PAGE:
How to cure the common cold

Last week, I wrote that off-road fever was about to grip the Parker area. And grip it did. 240 screaming vehicles flew 425 miles across the desert floor, kicking dust into the atmosphere and giving us the excitement (and a great sunset!) to go with it. I covered the race from KLPZ’s Parker studio, helping the rest of the KLPZ team compile several different sources of race info into one live broadcast. By the end, I was exhausted, and I thought it was this fatigue that explained my sore throat by the evening’s end.

But then my wife Melissa arrived home, telling me that she’d come down with a head cold. This made it extremely likely that I was coming down with it too. Agh. Good thing I’d already found the cure for the common cold.

That’s right: several years ago I came upon the cure for the cold, and here’s a hint: it’s not Airborne.

Airborne is the big-selling common cold remedy, despite the fact that no clinical trial has ever proven it to work. What is it, exactly? Well it’s just a collection of vitamins, herbs and minerals, packaged and marketed cleverly enough to convince people that it works (it’s formulated by a former teacher, for the love of God, the logic of which evidently appeals to the masses). I’ve lost count of the number of people who swear that it worked for them.

What’s actually happening is that they are simply speculating that their colds would have been longer without Airborne. Colds are self-limiting and last only a finite period of time, so one may feel that the product they are using when it goes away deserves the credit for ending it. That would be an error in thinking. Most people are just so happy to be better that they don’t care anymore, until the next time someone gets a cold and they tell them to load up on Airborne. Anyway, a special magical formula Airborne is not, and I wanted something that’s actually been documented to work in clinical trials.

Does such a thing exist?

Well, it turns out that it does. George Eby is the world’s leading expert on the use of zinc (hold on, not just any zinc) to reduce the severity and strength of the common cold. Zinc helps to sustain all life on earth. It’s a metal, and a food additive. You may be aware of using zinc to treat the common cold; there are several such products available at the drug store and – because everyone gets colds and everyone hates them – they sell. But they don’t sell primarily because they work; they sell merely because people think they may work, and they don’t believe anything more likely to work is available. (Actually, the products which have the most pronounced ‘effect’ on the cold are pain killers, decongestants and antihistamines, but they aren’t ‘curing’ anything. They’re just relieving symptoms, and are welcome because of that.)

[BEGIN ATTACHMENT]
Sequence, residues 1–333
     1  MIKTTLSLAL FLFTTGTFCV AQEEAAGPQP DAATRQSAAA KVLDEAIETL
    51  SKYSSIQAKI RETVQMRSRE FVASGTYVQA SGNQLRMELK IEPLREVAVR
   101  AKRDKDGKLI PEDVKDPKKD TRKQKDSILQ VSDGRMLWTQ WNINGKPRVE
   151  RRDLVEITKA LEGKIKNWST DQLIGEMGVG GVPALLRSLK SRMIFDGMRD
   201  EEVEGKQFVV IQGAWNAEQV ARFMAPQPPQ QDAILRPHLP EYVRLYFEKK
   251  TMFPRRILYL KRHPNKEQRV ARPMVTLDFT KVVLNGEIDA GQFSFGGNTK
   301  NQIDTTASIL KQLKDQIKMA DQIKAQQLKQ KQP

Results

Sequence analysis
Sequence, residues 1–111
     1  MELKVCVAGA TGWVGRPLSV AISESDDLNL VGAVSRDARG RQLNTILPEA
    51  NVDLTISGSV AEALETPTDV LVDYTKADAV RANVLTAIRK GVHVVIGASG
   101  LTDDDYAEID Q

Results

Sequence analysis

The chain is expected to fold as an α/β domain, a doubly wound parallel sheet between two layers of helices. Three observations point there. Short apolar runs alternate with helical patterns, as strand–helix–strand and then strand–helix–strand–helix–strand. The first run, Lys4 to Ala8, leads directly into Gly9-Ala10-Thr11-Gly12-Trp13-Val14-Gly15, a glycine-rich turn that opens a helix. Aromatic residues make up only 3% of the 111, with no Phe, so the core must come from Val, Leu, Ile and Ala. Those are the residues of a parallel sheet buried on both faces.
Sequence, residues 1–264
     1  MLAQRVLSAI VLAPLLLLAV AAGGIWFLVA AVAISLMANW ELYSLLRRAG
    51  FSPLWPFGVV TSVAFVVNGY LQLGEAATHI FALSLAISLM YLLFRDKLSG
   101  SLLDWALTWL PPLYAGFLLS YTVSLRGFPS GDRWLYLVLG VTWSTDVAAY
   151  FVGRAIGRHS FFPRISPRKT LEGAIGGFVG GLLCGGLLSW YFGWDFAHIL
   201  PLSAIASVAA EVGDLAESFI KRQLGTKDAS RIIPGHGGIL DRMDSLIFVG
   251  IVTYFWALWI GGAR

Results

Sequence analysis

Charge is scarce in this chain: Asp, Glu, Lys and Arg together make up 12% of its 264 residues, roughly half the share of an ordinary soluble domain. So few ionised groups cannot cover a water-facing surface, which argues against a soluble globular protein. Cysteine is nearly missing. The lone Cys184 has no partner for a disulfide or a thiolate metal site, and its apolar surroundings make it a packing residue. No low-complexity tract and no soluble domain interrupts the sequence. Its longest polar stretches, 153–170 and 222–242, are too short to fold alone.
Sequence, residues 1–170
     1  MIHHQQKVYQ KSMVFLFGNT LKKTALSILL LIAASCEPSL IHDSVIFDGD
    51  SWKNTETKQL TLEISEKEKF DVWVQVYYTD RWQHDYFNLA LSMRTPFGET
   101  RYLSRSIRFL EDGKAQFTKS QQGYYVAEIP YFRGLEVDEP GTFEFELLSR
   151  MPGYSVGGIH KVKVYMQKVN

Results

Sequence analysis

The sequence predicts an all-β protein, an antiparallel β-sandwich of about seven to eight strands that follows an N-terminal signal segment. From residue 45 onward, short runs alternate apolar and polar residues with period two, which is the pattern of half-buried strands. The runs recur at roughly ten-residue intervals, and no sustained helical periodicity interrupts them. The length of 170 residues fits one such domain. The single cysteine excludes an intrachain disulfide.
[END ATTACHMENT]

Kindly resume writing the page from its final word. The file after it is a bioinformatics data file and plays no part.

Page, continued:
The formulation of zinc used in most cold products is Zinc Gluconate (a compound two parts gluconate, one part zinc). I walked around the pharmacy the other day looking for a zinc product in the cold and flu aisle not based on Zinc Gluconate; I couldn’t find one. The problem is that the ability of Zinc Gluconate to help is disputed by science. A 2000 systematic review by the Cochrane Library referred to the evidence of benefit as inconclusive. The Harvard Family Health Guide stated in 2001 that one study suggested that “zinc lozenges have little, if any, beneficial effect on the treatment of the common cold.”

So much for zinc in its ability to cure the cold, right? Eby decided not. He decided to try other formulations, and performed a study in 1984 using Zinc Acetate which showed that – bingo! – it reduced the duration of colds by 7 days. Not only that, but a British Medical Survey study supported his conclusions in 1987. Finally, a cure for the common cold!

(Incidentally, ten more studies have since been conducted on Zinc Acetate, and five of them found no benefits. How could this be? Eby went back to work. What he’s found since then is that the beneficial effect was limited to his Zinc Acetate lozenges containing positively charged ions. When the zinc ions were positively charged, they had the effect of significantly reducing the length and severity of the common cold, which explained why some of the studies showed that it didn’t work; they weren’t using the positive-ion formula. In fact, negatively-charged ions had the opposite effect by actually lengthening colds! He took this knowledge, and worked further on the size and dosage of the lozenges for maximum effect, et viola.)

Now, being the smart man Eby is, he immediately patented this precise formulation of positive-ion Zinc Acetate. And, being a scientist rather than a businessman, he had no idea how to market it in the way Airborne (“created by a teacher”) did. The result is that almost nobody knows that his scientifically sound product exists.

When I first read about it, I ordered a big bottle of it from Eby’s website. When I caught my next cold, I followed the directions and noticed that my cold was going away after only about 48 hours of my first symptoms. And ever since, I’ve hit Eby’s zinc every time I’ve caught a cold, meaning that I haven’t missed a day of work due to a cold in years.

Unfortunately, Eby has never been able to get mass production of the lozenges, and only has limited supplies available. So, this remains one of the world’s best-kept secrets.

You’re welcome.

John Wright
Day 3 – No sniffles

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